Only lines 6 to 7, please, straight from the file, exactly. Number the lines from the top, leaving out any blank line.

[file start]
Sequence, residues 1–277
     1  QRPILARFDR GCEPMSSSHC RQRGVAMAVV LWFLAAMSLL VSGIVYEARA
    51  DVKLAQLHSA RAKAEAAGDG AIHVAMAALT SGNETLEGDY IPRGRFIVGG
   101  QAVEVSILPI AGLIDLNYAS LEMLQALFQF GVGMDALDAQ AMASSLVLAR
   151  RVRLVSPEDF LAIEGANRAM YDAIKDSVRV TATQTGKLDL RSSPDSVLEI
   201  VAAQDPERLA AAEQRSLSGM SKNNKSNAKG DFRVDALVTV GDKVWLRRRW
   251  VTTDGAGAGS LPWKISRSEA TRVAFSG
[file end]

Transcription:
   201  VAAQDPERLA AAEQRSLSGM SKNNKSNAKG DFRVDALVTV GDKVWLRRRW
   251  VTTDGAGAGS LPWKISRSEA TRVAFSG